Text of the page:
So, how are content writing and creative writing different?

1# Purpose

Content writing is generally designed for a specific purpose that involves an outcome which can be measured in some way. This kind of writing may be produced to increase website traffic or boost sales figures, for example. Levels of audience engagement or activity can be measured using analytical software to indicate what kind of content or language appeals to users. This commercial purpose is not a priority when writing creatively, however, and the focus here is instead on personal expression and reflection.

For Elise, the difference between content writing and creative writing comes down to the role of the client or brief; "I never talk about ‘content writing’ because I don’t think of words as mere ‘content'", says Elise, "this implies that there’s some void to fill with obligatory stuff, rather than seeing words as integral to the communication of worthwhile ideas. If by ‘content writing’ we mean writing for a client with a brief, then that’s what sets it apart from creative writing: the client and the brief."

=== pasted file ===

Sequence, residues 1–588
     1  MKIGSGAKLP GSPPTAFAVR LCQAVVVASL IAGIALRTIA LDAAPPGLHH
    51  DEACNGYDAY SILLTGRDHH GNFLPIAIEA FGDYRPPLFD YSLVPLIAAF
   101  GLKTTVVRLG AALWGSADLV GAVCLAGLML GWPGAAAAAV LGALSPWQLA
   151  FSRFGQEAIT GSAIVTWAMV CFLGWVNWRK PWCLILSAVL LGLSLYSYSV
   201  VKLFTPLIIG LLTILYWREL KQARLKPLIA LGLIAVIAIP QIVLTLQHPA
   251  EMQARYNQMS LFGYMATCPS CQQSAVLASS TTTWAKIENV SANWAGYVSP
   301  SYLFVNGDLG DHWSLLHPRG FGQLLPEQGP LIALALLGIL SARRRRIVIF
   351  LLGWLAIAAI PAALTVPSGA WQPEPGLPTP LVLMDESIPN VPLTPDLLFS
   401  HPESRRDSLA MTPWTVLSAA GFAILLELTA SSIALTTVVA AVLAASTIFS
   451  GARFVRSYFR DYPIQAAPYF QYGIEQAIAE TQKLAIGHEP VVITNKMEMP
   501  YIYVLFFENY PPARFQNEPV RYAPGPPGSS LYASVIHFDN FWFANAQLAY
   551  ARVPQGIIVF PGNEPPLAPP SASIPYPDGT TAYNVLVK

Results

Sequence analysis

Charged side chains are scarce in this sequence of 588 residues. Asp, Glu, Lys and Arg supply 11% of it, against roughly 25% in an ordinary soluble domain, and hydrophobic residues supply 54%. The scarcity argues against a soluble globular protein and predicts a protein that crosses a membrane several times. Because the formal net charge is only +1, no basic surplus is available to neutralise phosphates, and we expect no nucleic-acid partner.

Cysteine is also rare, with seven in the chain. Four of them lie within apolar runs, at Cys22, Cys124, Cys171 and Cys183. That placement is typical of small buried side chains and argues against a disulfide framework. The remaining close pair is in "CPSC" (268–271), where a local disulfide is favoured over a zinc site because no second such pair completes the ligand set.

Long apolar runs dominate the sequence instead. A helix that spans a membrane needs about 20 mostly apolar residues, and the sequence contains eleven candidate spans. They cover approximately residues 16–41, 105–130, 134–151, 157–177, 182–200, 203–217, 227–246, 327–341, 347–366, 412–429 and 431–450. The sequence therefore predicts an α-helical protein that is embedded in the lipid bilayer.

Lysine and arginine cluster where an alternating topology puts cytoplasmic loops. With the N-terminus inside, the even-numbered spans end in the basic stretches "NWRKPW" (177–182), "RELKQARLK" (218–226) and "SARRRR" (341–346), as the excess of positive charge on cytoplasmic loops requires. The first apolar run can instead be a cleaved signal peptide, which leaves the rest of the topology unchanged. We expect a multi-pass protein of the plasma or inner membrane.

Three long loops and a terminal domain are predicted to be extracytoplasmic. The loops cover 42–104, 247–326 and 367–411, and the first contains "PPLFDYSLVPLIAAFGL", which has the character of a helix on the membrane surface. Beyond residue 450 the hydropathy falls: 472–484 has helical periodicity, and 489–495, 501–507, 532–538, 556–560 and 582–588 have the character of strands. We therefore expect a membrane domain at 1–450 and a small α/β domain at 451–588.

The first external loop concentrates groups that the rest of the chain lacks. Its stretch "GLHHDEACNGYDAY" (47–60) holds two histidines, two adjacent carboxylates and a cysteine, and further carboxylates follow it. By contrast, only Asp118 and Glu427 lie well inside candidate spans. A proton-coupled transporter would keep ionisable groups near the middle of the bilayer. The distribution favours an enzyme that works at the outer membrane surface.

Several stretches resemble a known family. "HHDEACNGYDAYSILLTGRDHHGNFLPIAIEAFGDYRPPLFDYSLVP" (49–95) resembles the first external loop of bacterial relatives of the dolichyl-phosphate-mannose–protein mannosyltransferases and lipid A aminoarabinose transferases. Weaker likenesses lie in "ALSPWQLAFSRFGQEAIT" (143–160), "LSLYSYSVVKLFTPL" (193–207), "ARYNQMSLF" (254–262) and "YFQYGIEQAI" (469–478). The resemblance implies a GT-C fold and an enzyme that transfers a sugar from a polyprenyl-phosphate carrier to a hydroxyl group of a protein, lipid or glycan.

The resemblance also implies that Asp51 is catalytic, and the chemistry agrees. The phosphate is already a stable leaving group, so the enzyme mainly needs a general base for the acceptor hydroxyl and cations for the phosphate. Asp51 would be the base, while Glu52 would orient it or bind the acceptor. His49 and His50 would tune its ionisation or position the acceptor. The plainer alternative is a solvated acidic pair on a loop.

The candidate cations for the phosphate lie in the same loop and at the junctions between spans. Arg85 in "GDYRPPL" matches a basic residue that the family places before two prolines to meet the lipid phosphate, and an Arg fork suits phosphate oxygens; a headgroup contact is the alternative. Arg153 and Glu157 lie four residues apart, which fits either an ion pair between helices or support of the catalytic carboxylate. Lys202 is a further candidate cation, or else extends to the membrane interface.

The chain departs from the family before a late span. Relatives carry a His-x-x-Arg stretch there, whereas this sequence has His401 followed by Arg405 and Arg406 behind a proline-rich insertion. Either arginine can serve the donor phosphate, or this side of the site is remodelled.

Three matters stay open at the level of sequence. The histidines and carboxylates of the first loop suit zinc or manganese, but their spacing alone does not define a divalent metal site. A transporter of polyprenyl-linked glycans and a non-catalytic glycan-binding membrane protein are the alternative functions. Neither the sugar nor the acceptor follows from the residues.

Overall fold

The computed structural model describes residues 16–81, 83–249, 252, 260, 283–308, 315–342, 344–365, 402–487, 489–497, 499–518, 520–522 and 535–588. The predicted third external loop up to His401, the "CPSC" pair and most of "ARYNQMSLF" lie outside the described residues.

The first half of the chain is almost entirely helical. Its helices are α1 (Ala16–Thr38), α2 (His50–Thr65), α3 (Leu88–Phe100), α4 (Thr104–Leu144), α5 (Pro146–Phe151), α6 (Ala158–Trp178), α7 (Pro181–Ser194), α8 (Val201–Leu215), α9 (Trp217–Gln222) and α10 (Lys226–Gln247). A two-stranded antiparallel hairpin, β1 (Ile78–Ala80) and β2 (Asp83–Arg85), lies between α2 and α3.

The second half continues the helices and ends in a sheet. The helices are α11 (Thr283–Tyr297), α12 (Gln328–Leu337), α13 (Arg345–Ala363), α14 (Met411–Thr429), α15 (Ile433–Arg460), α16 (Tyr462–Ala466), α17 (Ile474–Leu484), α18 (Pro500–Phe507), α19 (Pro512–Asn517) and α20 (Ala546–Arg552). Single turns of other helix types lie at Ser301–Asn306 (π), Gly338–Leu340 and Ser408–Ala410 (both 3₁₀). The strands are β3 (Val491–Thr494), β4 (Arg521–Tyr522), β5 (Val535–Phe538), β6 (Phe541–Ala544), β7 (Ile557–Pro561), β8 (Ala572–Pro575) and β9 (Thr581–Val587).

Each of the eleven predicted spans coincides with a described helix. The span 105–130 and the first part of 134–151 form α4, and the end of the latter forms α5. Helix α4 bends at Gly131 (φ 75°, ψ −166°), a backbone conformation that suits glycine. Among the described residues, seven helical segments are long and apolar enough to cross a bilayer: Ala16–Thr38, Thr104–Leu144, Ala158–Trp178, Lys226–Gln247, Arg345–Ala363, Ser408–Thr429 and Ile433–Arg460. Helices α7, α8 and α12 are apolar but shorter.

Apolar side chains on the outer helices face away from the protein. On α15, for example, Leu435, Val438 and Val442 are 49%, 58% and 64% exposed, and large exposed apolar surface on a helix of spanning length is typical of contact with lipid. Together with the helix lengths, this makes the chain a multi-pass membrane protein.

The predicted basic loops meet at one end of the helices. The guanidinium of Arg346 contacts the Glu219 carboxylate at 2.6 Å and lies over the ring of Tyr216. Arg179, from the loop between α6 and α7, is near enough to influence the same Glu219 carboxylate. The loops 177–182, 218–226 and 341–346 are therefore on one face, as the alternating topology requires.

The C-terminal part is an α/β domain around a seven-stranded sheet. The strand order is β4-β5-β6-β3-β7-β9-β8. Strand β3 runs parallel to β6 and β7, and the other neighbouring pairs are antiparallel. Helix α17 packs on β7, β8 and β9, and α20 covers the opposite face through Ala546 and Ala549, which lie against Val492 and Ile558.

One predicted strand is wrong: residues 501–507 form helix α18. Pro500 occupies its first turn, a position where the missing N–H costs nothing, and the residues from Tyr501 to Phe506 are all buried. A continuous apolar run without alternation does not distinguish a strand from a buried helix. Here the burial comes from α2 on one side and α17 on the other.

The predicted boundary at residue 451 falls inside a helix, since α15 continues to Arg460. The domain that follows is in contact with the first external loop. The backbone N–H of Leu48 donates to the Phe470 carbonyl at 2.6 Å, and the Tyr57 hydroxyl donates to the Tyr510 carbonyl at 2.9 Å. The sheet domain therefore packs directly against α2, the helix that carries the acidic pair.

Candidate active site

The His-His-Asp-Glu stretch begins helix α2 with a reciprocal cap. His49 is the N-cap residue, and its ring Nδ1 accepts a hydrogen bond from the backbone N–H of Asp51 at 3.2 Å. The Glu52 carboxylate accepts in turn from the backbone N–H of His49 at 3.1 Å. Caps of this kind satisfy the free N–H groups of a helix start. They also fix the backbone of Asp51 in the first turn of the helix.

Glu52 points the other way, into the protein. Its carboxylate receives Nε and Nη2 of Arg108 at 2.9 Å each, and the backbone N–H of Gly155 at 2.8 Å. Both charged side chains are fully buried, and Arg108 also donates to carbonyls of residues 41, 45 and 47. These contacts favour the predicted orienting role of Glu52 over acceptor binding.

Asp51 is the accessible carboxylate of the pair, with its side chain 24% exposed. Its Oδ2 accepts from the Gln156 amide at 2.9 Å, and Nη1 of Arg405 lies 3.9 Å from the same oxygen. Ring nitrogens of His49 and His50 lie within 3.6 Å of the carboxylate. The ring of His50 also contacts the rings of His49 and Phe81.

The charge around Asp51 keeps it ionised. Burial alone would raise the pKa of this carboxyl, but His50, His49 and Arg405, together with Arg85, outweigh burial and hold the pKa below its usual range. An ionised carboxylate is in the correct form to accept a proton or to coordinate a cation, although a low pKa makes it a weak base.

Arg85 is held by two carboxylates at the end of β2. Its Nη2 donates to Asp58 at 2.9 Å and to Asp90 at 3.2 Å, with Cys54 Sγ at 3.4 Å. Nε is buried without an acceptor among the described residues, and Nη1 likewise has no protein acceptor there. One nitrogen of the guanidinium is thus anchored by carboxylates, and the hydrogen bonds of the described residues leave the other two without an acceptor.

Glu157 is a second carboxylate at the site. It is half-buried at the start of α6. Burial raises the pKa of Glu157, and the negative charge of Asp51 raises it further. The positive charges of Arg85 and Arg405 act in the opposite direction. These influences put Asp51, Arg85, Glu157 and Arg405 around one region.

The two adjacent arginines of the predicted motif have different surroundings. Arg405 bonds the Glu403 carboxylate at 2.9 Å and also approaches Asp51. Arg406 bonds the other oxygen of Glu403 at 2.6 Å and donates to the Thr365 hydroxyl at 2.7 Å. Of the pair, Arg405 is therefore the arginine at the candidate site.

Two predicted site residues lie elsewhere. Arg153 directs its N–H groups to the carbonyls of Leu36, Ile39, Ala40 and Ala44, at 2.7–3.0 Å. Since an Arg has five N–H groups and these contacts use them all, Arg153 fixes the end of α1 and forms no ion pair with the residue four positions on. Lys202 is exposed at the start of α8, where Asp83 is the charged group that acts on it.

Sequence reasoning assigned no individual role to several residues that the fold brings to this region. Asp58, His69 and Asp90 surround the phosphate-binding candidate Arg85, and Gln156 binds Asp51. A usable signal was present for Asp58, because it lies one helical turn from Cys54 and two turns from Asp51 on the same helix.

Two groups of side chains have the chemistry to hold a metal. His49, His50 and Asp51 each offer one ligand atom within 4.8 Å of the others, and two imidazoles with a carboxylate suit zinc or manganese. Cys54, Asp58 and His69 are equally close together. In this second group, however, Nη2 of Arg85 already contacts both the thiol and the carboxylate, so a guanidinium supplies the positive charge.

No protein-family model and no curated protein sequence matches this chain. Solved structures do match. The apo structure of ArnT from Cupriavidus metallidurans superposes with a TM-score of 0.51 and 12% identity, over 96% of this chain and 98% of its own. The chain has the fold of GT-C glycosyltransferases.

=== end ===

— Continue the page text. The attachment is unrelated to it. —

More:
"When I write fiction or non-fiction, I do not have a client to please, a brief to follow, a defined audience to inform or persuade. There are no targets. For me, creative writing taps into something mysterious that is deep inside of me. When I teach creative writing, that’s the approach I take: encouraging students to write from the inside out, and to do this as well as possible by honing their skills. Writing is a craft. It is something you can learn."

2# Tone